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Neuromuscular Program

The Neuromuscular Program cares for patients with a wide variety of neuromuscular diseases. Our multi-specialty clinics use a combination of therapies, such as speech therapy, physical therapy, and other rehabilitation methods. We offer specialized testing for various disorders.

We have specialty clinics for those with amyotrophic lateral sclerosis (ALS) and muscular dystrophy. We work closely with the following Dartmouth-Hitchcock departments and programs:

Residents can learn more about our Clinical Neurophysiology Fellowship.

Conditions we treat

We treat a range of neuromuscular conditions, including general conditions, conditions of the arms, and conditions of the legs.

General conditions

We treat the following general nueromuscular conditions:

  • Amyotrophic lateral sclerosis (ALS) is a disease affecting the nervous system that has no known cure at this time. Dartmouht-Hitchcock Medical Center's ALS Center is dedicated to finding its cause and effective treatment, and provides education and support for patients and their families.
  • Autonomic neuropathy is a group of symptoms caused by damage to nerves that regulate blood pressure, heart rate, bowel and bladder emptying, digestion, and other body functions.
  • Charcot-Marie-Tooth disease defines a group of inherited, slowly progressive disorders that result from progressive damage to nerves. Symptoms include numbness and wasting of muscle tissue, first in the feet and legs, then in the hands and arms.
  • Chronic inflammatory polyneuropathy is nerve inflammation that results in loss of movement or sensation.
  • Diabetic neuropathy is a common complication of diabetes, in which nerves are damaged as a result of hyperglycemia (high blood sugar levels).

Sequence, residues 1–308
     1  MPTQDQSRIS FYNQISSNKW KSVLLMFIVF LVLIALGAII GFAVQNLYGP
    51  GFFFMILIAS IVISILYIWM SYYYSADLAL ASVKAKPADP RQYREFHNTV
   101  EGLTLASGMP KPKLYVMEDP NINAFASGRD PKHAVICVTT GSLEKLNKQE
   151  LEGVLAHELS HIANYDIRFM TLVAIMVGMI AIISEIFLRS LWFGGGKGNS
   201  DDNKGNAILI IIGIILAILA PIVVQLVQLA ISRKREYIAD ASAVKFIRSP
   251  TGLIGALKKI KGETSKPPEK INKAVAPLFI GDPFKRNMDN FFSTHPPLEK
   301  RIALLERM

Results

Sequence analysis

• Guillain-Barre syndrome is a serious disorder that occurs when the body's defense (immune) system mistakenly attacks part of the nervous system. This leads to nerve inflammation that causes muscle weakness, which continues to get worse.
  • Inclusion body myositis is a rare disease that occurs later in life and weakens muscles over time. While it does not cause pain and is not life-threatening, it can cause disability and particularly affects the arms and legs.
  • Muscular dystrophy is a group of disorders that involve progressive muscle weakness and loss of muscle tissue.
  • Myasthenia gravis is a neuromuscular disorder characterized by variable weakness of voluntary muscles, which often improves with rest and worsens with activity. The condition is caused by an abnormal immune response.
  • Myopathy is the weakness of muscle tissue due to problems with the muscle fibers. Symptoms can include cramping or stiffness and are often seen in patients with diseases such as muscular dystrophy.
  • Neuralgia is pain that follows the path of a specific nerve.
  • Polymyositis is a relatively uncommon inflammatory disease that causes significant muscle weakness.

Conditions of the arms

We treat the following neuromuscular conditions of the arms:

  • Brachial plexopathy is decreased movement or sensation in the arm and shoulder due to a nerve problem.
  • Carpal tunnel syndrome is compression of the median nerve at the wrist, which may result in numbness, tingling, weakness, or muscle damage in the hand and fingers.
  • Cervical radiculopathy, or acute gouty arthritis, is a sudden attack of pain in the joints that occurs when uric acid builds up.
  • Radial neuropathy, or radial nerve dysfunction, is a problem with the movement or sensation of the back of the arm (triceps), the forearm, or the hand.
  • Ulnar neuropathy, or ulnar nerve dysfunction, is a problem with the nerve that travels from the wrist to the shoulder. The condition causes movement or sensation problems in the wrist and hand.

Conditions of the legs

We treat the following neuromuscular conditions of the legs:

  • Diabetic peripheral neuropathy is a common complication of diabetes, in which nerves are damaged as a result of hyperglycemia (high blood sugar levels).
  • Peripheral neuropathy is a problem with the nerves that carry information to and from the brain and spinal cord. This produces pain, loss of sensation, and inability to control muscles.
  • Peroneal neuropathy, or common peroneal nerve dysfunction, is a disorder caused by damage to the peroneal nerve, characterized by loss of movement or sensation in the foot and leg.
  • Sciatica is a condition involving pain, weakness, numbness, or tingling in the leg. It is caused by injury to or compression of the sciatic nerve.
  • Tibial neuropathy, or tibial nerve dysfunction, is a loss of movement or sensation in the lower leg, caused by damage to the tibial nerve.
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